Center for Biological Diversity

For Immediate Release, September 11, 2014

Contact:  Tierra Curry, (928) 522-3681

Rare Flower in Georgia, Alabama Gains Endangered Species Act Protection With
732 Acres of River Habitat

ATLANTA— The U.S. Fish and Wildlife Service protected a flower in Georgia and Alabama as a threatened species under the Endangered Species Act today and  designated 732 acres of river bluff as “critical habitat” to protect the plant. The decision to protect Georgia rockcress results from a landmark 2011 settlement with the Center for Biological Diversity to speed protection decisions on 757 imperiled plants and animals across the country.  

“After it spent 39 years on a waiting list, I’m excited Georgia rockcress finally has the protection it needs to survive,” said Tierra Curry, a senior scientist at the Center. “The Endangered Species Act has prevented the extinction of 99 percent of the plants and animals under its care, and will ensure that this beautiful white flower is safeguarded for generations to come.”

The rockcress is a 3-foot-tall flower that grows on steep river bluffs. It was first identified as being in need of federal protection in 1975 and was designated as a candidate for protection in 1980. The Center petitioned for the plant’s protection in 2004.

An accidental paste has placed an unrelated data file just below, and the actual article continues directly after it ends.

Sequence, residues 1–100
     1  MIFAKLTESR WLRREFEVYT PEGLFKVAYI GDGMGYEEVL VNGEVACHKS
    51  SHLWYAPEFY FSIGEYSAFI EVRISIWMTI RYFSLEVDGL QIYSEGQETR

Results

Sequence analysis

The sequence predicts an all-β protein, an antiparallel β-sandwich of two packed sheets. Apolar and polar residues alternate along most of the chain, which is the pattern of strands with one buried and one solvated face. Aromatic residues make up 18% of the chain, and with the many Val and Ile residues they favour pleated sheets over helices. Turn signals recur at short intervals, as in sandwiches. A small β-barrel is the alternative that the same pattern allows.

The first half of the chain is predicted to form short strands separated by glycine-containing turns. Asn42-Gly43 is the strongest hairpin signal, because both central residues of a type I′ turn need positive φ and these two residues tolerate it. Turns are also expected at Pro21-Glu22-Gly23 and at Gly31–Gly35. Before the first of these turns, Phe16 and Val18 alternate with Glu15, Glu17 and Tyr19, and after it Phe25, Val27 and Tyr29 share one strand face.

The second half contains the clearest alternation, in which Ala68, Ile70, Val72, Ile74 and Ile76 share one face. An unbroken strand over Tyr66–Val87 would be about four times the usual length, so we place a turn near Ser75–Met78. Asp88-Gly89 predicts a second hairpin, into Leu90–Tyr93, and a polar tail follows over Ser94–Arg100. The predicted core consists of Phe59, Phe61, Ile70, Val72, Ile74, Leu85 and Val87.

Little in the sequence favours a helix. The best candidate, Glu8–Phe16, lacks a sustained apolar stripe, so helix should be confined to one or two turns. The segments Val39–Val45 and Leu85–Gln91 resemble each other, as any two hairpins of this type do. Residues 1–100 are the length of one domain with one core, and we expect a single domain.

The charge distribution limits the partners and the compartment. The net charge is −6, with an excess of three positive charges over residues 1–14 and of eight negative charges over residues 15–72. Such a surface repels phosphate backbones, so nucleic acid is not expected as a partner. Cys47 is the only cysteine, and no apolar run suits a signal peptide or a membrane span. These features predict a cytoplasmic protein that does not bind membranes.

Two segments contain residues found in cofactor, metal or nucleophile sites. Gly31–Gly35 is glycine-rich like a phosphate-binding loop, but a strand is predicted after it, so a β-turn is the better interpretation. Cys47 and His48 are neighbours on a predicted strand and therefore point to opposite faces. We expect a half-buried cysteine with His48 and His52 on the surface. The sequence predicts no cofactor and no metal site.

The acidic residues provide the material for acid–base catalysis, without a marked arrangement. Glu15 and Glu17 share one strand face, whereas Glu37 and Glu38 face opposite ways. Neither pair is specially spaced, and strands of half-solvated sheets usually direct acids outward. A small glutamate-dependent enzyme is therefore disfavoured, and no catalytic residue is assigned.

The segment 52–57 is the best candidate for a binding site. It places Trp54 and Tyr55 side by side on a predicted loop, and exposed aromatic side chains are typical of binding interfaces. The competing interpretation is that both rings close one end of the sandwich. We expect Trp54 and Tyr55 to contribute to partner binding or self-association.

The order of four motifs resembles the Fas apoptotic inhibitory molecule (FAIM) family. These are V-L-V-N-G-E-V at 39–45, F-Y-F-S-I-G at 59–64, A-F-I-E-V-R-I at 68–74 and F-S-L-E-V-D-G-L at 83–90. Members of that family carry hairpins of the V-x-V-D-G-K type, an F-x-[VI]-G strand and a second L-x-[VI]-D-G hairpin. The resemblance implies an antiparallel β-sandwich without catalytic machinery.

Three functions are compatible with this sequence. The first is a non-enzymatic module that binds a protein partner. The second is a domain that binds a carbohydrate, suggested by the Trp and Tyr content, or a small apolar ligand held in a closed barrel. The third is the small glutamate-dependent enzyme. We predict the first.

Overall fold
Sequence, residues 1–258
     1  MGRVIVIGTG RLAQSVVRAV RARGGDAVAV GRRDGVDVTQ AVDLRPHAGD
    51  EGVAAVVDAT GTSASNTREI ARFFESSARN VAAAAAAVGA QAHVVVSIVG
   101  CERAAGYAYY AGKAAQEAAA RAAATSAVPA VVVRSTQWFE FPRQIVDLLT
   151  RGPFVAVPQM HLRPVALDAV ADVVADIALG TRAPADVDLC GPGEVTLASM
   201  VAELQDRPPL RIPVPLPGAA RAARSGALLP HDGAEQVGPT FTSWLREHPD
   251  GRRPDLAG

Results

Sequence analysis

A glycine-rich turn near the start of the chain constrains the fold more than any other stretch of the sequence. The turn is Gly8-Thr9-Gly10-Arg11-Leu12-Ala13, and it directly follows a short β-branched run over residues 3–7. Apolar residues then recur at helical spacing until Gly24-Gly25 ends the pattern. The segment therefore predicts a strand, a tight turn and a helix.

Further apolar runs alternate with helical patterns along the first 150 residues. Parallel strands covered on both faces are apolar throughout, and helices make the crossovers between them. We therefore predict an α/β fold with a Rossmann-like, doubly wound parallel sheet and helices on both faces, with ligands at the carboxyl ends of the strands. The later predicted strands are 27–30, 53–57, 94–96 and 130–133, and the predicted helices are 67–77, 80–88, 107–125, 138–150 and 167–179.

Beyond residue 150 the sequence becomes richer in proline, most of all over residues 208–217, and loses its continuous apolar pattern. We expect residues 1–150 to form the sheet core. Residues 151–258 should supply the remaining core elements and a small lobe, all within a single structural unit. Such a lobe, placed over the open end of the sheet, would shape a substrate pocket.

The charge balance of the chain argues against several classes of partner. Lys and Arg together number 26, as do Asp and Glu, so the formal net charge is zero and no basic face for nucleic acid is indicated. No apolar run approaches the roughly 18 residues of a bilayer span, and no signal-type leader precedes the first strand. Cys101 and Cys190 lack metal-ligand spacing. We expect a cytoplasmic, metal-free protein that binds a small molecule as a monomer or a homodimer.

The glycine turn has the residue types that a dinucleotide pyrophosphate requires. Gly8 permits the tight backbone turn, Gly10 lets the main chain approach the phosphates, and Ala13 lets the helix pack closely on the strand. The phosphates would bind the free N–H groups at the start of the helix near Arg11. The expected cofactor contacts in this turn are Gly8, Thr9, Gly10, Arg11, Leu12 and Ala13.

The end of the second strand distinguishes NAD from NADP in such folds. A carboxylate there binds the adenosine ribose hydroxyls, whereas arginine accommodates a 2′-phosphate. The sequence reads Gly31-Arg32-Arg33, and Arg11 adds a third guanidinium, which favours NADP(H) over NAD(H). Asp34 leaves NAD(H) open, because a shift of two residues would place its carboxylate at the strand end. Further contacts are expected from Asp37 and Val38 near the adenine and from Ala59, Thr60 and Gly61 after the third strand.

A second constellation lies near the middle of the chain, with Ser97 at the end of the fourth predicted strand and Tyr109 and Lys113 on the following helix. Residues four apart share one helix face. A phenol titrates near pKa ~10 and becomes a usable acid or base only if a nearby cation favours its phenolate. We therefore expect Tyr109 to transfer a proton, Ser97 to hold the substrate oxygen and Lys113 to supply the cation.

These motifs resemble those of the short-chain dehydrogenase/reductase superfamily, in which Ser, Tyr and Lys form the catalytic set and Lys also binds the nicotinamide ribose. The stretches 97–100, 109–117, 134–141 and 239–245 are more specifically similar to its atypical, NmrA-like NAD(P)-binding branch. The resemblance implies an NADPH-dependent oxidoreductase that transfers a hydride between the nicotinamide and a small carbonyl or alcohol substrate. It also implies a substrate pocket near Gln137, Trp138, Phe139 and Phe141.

The proposed critical habitat is located in Gordon, Floyd, Harris, Muscogee and Clay counties in Georgia, and in Bibb, Dallas, Elmore, Monroe, Sumter and Wilcox counties in Alabama. The critical habitat designation for the plant will require federal agencies to consult with the Fish and Wildlife Service before funding or permitting projects that could harm its habitat.

There are fewer than 18 surviving populations of rockcress, all of which are small and threatened. Forces that imperil the flower include habitat degradation from development, logging, quarrying, camping, invasive species and hydropower dams. The flower only grows beneath mixed hardwood trees in areas with exposed rock outcroppings that allow for both sun and shade.

In 2011 the Center and the Fish and Wildlife Service reached a settlement to speed protections for all the species on the candidate waiting list as of 2010, as well as a host of other species previously petitioned for protection. To date 137 plants and animals have received protection as a result of the Center’s 2011 agreement, and another six have been proposed for protection.

“The Fish and Wildlife Service is making great progress in addressing the backlog of plants and animals facing extinction,” said Curry. “Now Congress needs to designate sufficient funding for recovery to make sure these endangered species get what they need to thrive.”

The Center for Biological Diversity is a national, nonprofit conservation organization with more than 775,000 members and online activists dedicated to the protection of endangered species and wild places.

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